Premature Labor

Premature labor is also called preterm labor. It’s when your body starts getting ready for birth too early in your pregnancy. Labor is premature if it starts more than 3 weeks before your due date.

Video Transcript

WomensHealth.gov: "Spot the Signs of Labor."<br> March of Dimes: "Signs of Labor."<br> Mayo Clinic: "Water breaking: Understand this sign of labor."

Notice any of these 5 signs? If so, labor is on the way. First, have you heard of "nesting?" It's when you get this surge of energy that makes you want to cook, clean, and reorganize your home. For some women, it's a clue that baby day could be coming up soon. "Lightening" is the feeling that your baby has dropped lower into your pelvis. It means labor isn't far off! If you notice brownish or red-colored mucus called discharge coming out of your vagina, it could mean your cervix is opening up. Your water could break before or during labor. It could feel like a big gush or a steady trickle. Sometimes it's hard to tell whether it's the real deal or just pee, so let your doctor know ASAP if you're not sure. She may want to know what color the water was and what it smelled like. When you have contractions that gradually get stronger and closer together, that means the countdown to a baby is on! They'll be so powerful that you won't be able to walk or talk while you're having them. And they won't go away if you move around or change positions, either. Exciting signs like these mean it's time to call your doctor. She'll let you know when to head to the hospital or birthing center to welcome your little one into the world.

Premature labor can lead to an early birth. But the good news is that doctors can do a lot to delay an early delivery. The longer your baby gets to grow inside you -- right up to your due date -- the less likely they are to have problems after birth.

What Raises Your Risk?

Lots of things can increase your risk of premature labor. Some of them are:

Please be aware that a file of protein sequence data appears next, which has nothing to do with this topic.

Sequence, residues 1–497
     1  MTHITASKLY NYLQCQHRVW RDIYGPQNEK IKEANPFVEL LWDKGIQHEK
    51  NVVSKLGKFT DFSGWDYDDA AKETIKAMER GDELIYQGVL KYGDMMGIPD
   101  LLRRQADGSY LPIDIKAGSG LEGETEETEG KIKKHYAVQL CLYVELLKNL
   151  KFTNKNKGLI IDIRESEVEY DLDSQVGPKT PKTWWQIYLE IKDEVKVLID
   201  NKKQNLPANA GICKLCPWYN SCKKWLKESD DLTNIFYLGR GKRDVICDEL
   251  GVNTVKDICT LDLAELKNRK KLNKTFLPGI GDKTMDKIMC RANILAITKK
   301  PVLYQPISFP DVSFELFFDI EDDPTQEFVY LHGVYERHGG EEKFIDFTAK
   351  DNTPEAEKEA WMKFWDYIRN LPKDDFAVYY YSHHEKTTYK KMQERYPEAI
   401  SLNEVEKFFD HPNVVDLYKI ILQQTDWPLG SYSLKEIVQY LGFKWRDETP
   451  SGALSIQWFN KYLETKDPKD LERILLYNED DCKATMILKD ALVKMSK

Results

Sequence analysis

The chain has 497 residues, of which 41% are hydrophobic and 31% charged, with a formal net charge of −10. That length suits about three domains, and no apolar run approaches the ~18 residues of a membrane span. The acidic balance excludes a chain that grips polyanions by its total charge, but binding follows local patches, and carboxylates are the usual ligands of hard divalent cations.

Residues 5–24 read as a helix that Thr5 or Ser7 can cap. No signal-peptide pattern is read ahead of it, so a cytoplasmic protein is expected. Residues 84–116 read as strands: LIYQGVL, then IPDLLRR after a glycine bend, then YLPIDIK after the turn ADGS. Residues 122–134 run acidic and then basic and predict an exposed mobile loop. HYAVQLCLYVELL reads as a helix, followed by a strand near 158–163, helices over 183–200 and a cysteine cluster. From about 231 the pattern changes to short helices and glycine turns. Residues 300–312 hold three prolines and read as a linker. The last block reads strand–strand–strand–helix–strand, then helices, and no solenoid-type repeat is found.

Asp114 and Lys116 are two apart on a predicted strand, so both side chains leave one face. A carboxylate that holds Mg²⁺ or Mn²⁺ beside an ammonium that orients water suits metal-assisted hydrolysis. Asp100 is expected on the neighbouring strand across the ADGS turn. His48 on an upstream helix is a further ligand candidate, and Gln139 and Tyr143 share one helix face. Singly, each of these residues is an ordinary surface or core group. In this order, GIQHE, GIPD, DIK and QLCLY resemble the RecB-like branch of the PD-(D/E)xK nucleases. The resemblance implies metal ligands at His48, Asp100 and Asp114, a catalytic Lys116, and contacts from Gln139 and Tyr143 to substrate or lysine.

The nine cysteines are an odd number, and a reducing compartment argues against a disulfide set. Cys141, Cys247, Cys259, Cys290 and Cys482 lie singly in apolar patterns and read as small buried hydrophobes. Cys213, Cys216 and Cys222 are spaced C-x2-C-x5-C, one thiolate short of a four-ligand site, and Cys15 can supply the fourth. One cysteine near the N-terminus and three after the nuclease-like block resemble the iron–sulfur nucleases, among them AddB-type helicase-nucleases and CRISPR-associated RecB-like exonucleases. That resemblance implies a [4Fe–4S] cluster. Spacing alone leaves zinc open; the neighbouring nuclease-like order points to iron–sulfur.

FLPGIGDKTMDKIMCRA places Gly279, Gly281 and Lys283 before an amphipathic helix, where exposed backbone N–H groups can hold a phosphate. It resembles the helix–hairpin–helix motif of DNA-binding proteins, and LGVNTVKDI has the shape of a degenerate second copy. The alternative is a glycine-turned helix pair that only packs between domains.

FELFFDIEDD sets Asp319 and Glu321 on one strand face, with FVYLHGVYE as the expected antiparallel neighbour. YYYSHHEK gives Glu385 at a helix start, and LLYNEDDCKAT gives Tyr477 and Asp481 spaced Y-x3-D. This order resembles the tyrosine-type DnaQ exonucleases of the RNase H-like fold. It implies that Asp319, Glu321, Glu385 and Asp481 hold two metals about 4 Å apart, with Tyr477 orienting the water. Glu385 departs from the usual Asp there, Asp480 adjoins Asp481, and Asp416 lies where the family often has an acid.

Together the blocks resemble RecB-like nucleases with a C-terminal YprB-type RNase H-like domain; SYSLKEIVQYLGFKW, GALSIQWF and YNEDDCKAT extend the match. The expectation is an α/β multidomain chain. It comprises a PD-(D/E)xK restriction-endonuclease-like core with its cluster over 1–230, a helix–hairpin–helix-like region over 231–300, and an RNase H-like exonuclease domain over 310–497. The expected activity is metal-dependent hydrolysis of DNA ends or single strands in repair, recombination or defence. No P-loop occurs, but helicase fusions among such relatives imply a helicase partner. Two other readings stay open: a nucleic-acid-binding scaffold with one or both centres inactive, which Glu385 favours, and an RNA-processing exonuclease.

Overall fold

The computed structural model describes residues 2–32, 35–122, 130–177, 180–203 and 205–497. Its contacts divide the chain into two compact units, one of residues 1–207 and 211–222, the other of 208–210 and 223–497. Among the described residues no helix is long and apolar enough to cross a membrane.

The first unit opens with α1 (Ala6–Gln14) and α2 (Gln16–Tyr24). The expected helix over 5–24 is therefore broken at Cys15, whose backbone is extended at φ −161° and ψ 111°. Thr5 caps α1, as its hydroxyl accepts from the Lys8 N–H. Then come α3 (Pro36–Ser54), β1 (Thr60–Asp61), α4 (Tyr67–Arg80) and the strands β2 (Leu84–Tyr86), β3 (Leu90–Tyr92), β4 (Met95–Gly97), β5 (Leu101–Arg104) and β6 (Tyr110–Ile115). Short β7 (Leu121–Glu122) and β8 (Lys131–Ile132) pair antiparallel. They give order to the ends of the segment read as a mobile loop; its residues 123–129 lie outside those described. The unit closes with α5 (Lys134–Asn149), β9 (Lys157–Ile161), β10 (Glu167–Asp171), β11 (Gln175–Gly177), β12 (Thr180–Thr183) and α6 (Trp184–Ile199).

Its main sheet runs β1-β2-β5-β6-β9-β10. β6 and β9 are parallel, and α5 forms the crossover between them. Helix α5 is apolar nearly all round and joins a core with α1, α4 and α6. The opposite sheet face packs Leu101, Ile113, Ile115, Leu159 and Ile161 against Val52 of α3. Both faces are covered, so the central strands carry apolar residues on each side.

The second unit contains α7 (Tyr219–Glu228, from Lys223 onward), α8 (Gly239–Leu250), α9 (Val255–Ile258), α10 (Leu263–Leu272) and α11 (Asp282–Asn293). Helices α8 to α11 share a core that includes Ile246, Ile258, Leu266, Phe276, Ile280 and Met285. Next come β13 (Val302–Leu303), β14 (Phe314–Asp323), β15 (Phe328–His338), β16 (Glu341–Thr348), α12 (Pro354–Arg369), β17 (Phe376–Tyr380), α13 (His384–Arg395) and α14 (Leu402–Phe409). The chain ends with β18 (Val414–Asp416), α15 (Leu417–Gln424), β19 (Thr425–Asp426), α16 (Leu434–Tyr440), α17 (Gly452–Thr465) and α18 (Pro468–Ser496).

Symptoms

To stop premature labor, you need to know the warning signs. Acting fast can make a big difference. Call your midwife or doctor right away if you have:

  • Backache, which usually will be in your lower back. This may be constant or come and go, but it won’t ease even if you change positions or do something else for comfort.
  • Contractions, every 10 minutes or more often, that get faster and more severe
  • Cramping in your lower abdomen or menstrual-like cramps. These can feel like gas pains that may come with diarrhea.
  • Fluid leaking from your vagina
  • Flu-like symptoms such as nausea, vomiting, or diarrhea. Call your doctor even about mild cases. If you can’t tolerate liquids for more than 8 hours, you must see your doctor.
  • Increased pressure in your pelvis or vagina
  • Increased vaginal discharge
  • Vaginal bleeding, including light bleeding

Some of these may be hard to tell apart from normal symptoms of being pregnant, like backache. But you can't be too cautious. Get any possible warning signs checked out.

Continued

How to Check for Contractions

Checking for contractions is a key way of spotting early labor.

  1. Place your fingertips on your abdomen.
  2. If you feel your uterus tightening and softening, that’s a contraction.
  3. Time your contractions. Write down the time when a contraction starts, and write down the time at the start of the next contraction.
  4. Try to stop the contractions. Get off your feet. Change your position. Relax. Drink two or three glasses of water.
  5. Call your doctor or midwife if you continue to have contractions every 10 minutes or more often, if any of your symptoms get worse, or if you have pain that’s severe and doesn’t go away.

Keep in mind that many women have harmless false labor called Braxton Hicks contractions. These are usually erratic, don't get closer together, and stop when you move around or rest. They are not part of labor. If you're not sure about the type of contractions you’re feeling, get medical advice.

If You Need to Go to the Hospital

If your doctor or midwife thinks you're going into premature labor, you probably need to go to the hospital. Once you arrive, a doctor, midwife, or nurse will:

  • Ask about your medical history, including medicines you’ve been taking during pregnancy.
  • Check your pulse, blood pressure, and temperature.
  • Put a monitor on your belly to check your baby's heart rate and your contractions.
  • Swab for fetal fibronectin, which helps predict the risk of delivering early.
  • Test your urine or cervix for infection.
  • Check your cervix to see if it is opening.

If you are diagnosed with premature labor, you may need treatment, which may include:

  • IV fluids
  • Medicine to relax your uterus and stop labor
  • Medicine to speed up the development of your baby's lungs
  • Antibiotics
  • Being admitted to the hospital

If your labor has kept up and can’t be stopped, your doctor or midwife will get ready to deliver your baby. They may also do this when you have an infection of the amniotic fluid and uterus or an illness such as severe preeclampsia or eclampsia (high blood pressure that happens during pregnancy).

A baby may also be delivered early if it’s not doing well, if you have placenta previa (a placenta covering the cervix) that bleeds a lot, if you have placental abruption (detached placenta), or if certain birth defects or malformations are found.